connected evangelicals and business elites to larger social and financial networks. This was not, in other words, a phenomenon restricted to the so-​called
Bible Belt. Though places in the South, especially after World War II, certainly
shaped conservative evangelicalism, corporate centers in the North, such as
Chicago, and the Southwest, such as southern California, mattered as well, and
often mattered more.9
Conservative evangelicals did more than shape, or strive to shape, the nation’s
religious, cultural, or political marketplace. They were proactive and strategic
about leaving their mark on actual market places. In their crusades to garner
elite support or create and sustain various business enterprises, conservative
evangelicals devised interpretations of work and religious visions of public life
that proved attractive inside and outside the evangelical fold. Evangelicals were
also strewn throughout boardrooms, suburban shopping malls, and commercial strips; present at self-​styled “Christian” radio stations, stores, and publishing
houses; and working as managers of a wide range of businesses.10 Evangelicals
had expansive corporate headquarters and set up million-​dollar monuments
to business success. They founded and ran a Christian theme park and resort,
and they sold Christian goods and services to fellow evangelicals and other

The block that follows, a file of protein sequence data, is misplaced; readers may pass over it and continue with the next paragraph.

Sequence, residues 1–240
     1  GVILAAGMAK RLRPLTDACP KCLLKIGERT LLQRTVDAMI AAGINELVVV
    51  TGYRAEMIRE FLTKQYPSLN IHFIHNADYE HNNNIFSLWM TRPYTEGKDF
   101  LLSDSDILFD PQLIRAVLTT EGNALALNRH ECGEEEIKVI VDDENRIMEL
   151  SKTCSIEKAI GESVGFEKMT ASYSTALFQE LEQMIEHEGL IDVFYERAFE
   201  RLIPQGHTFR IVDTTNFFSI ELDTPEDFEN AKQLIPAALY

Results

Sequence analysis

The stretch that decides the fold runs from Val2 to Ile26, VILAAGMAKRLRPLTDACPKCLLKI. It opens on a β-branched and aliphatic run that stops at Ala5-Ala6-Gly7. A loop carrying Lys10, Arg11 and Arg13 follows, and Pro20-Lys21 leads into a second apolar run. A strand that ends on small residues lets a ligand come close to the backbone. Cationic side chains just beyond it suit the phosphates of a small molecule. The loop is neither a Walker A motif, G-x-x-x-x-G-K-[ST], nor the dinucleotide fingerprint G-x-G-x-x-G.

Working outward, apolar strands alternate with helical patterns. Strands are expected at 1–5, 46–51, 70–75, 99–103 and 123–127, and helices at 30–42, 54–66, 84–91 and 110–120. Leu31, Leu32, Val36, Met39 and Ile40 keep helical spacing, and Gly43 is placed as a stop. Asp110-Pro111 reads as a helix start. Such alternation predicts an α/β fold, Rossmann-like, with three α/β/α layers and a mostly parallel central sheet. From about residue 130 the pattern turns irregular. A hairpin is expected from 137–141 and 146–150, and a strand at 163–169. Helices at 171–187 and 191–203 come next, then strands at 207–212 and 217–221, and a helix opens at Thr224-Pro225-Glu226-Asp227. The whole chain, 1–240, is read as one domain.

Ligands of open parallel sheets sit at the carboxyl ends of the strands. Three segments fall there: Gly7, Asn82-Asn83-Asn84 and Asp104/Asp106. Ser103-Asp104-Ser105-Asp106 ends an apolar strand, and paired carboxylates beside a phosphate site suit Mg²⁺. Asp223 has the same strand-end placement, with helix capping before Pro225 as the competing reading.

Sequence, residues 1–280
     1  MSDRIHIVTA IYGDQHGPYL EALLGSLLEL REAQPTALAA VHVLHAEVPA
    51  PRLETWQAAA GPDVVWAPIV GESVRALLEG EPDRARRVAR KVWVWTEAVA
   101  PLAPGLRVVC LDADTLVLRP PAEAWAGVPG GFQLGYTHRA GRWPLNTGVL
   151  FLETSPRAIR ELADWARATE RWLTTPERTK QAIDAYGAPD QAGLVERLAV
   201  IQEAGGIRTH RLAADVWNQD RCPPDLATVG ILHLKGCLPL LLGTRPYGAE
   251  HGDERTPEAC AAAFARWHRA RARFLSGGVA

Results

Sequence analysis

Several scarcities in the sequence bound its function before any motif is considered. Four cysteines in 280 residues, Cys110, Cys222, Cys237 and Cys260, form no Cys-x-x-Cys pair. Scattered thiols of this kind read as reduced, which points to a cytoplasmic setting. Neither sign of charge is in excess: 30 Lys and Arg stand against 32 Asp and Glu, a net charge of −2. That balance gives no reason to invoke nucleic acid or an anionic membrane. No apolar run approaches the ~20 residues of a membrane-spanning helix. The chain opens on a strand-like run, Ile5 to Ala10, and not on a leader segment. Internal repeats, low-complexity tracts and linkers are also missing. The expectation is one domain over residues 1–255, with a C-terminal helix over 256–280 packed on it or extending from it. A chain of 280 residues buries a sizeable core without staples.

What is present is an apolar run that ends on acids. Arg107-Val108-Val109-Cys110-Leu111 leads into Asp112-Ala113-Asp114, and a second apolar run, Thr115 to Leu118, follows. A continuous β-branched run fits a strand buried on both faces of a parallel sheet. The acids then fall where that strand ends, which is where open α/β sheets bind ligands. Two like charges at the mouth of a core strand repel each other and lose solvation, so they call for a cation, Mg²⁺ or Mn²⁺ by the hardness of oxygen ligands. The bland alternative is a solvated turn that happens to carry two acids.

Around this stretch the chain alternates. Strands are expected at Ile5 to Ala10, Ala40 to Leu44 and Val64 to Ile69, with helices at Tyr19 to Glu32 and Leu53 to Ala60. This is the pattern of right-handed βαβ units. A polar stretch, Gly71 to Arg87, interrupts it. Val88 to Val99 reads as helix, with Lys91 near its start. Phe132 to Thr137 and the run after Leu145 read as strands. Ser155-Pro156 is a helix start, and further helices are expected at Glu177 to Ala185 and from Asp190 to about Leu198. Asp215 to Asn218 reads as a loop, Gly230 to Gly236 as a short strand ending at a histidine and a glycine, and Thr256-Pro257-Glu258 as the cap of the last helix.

Int roduc tion


customers. Evangelicals made it, with the help of business ideas and capital—​
or as businessmen themselves—​into Manhattan office buildings and the halls
of power in Washington, D.C. Thanks to corporate sponsors, conservative
evangelicals became national and international celebrities, routinely preaching
defenses of meritocratic work to packed crowds in sports stadiums and working
to push a dual program of “free enterprise” and “family values” in companies and
Through their business pursuits, evangelicals also became intertwined with
the nation’s federal bureaucracy. Scholars have long ascribed the federal government a central role in twentieth-​century American life. But the state has only
just begun to make it into the main narrative of modern American religious history. Indeed, one of the most notable and perhaps unexpected shapers of the
evangelical business landscape was the very government that businessmen often
claimed was standing in their way. Scholars have largely affirmed that narrative.
They have cast evangelicals as growing over the course of the century in their
opposition to federal activities or policies, becoming along with other conservatives the state’s foremost critics and antagonists. This characterization is not
altogether wrong. The evangelical-​inflected, regulatory “moral establishment”—​
resulting in federal Prohibition, for instance, or in countless local and state laws